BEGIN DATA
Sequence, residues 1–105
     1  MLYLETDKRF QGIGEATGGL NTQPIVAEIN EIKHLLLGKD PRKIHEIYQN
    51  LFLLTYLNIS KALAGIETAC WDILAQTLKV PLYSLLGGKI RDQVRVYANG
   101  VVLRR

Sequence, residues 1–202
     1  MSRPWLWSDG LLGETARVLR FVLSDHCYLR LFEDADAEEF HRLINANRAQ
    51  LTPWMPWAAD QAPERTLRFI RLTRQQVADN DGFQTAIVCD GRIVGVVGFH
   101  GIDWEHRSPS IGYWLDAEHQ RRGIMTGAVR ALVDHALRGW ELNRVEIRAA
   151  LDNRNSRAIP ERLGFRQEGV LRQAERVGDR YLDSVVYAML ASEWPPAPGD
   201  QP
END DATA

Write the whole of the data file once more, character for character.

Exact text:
Sequence, residues 1–105
     1  MLYLETDKRF QGIGEATGGL NTQPIVAEIN EIKHLLLGKD PRKIHEIYQN
    51  LFLLTYLNIS KALAGIETAC WDILAQTLKV PLYSLLGGKI RDQVRVYANG
   101  VVLRR

Sequence, residues 1–202
     1  MSRPWLWSDG LLGETARVLR FVLSDHCYLR LFEDADAEEF HRLINANRAQ
    51  LTPWMPWAAD QAPERTLRFI RLTRQQVADN DGFQTAIVCD GRIVGVVGFH
   101  GIDWEHRSPS IGYWLDAEHQ RRGIMTGAVR ALVDHALRGW ELNRVEIRAA
   151  LDNRNSRAIP ERLGFRQEGV LRQAERVGDR YLDSVVYAML ASEWPPAPGD
   201  QP